Rubocop is a tool that helps you to check and enforce your style guide for your Ruby code. It does this using static analysis. The Github page says:
A Ruby static code analyzer, based on the community Ruby style guide.
It uses the Community style guide as a default.
We will talk about the following:
- Installing Rubocop
- Configure Rubocop to be your style guide
- Create a todo list of violations
- Rubocop in your editor
- Run Rubocop as part of your test suite
Installing Rubocop is as easy as any gem to install. Just pop the following line in your gemfile:
And run $ bundle install.
Now that we have installed Rubocop to our app, we can run it to see what violations we have: $ rubocop.
When you run it for the first time, there is a big chance you have some violations. The output will look as follow:
You can now use the output of Rubocop to start fixing the issues that you think are important to fix. But chances are, the community style guide does not 100% match your own style guide. Maybe you prefer double-quotes? Luckily you can modify Rubocop to match your own guide!
Configure Rubocop to be your style guide
When you create a .rubocop.yml file in the root of your project, Rubocop will use this settings file by default when you run $ rubocop.
But the file is empty? You might wonder: where should I start? Luckily the
people behind Rubocop have added the default information to the Github repo:
So if you want to change the single-quote rule to double-quotes, you add the following to your .rubocop.yml file:
If you run $ rubocop again, it will stop complaining about the wrong usage of quotes! There are a lot more options you can set, I advice you to go over the defaults.yml file and see what works for you and what not.
Create a todo list of violations
When you first add Rubocop to your project it might look overwhelming to see all the violations. Where to start? How would I ever fix all those errors? What if I told you Rubocop can generate a "todo list" for you of all the violations? So you can start fixing them one by one in your own pace?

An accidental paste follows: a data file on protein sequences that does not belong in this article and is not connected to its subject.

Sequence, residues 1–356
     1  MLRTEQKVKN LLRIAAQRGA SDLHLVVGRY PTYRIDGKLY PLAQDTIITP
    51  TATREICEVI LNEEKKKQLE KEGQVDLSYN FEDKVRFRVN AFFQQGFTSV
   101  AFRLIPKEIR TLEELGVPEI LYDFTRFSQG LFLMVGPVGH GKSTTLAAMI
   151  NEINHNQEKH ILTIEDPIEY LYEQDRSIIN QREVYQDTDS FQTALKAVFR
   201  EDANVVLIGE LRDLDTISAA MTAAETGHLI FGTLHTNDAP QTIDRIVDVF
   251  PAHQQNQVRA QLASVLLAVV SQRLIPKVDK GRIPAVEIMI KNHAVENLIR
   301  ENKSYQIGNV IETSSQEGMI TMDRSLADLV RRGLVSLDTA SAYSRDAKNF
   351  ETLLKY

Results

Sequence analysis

You can run Rubocop with the following command: $ rubocop --auto-gen-config.
This will generate a .rubocop_todo.yml file. In order to have it loaded in
your normal Rubocop config you need to add the following to the top of the .rubocop.yml file:
If you run Rubocop now, you see that all the checks are passing. This is because the rubocop_todo.yml has disabled all the checks that cause a violation. By doing so you are sure that no new violations get introduced, and the ones that are there, you can fix when you have a spare moment.
When we look in the .rubocop_todo.yml file we see something like this:
Changing an entry from Enabled: false to Enabled: true will make Rubocop
check for that violation again. So when when we want to fix the
Style/EmptyLines we do the following:
- Enable the Style/EmptyLines check
- Run Rubocop
- Fix the violations
- Run Rubocop again (all should be good now)
- Remove the entire Style/EmptyLines entry from the .rubocop_todo.yml
Repeat this process a couple of times until the .rubocop_todo.yml is empty. Trust me, its worth it!
Rubocop in your editor
The great thing about Rubocop is, it has great plugins for most editors! Here
is a small list of the most used editors and the plugins that you can download
to have Rubocop integration:
- Vim: Vim-rubocop
- Sublime text: Sublime RuboCop plugin
- Atom: Atom-lint
- Guard: Guard-rubocop - I know, its not an editor, but still useful :-)
Run Rubocop as part of your test suite
Now that you have set-up Rubocop to your likings and added it to you favourite
editor, the next step is to add it to your CI pipeline! We use Codeship for our continues Integration, and setting it up is as easy as adding another bash
command to our Test Commands.
Whenever we push a new commit, the test will automatically run, and so will
Rubocop. If there is a violation, our test suite will now fail and tell the
committer that there is something wrong! Awesome!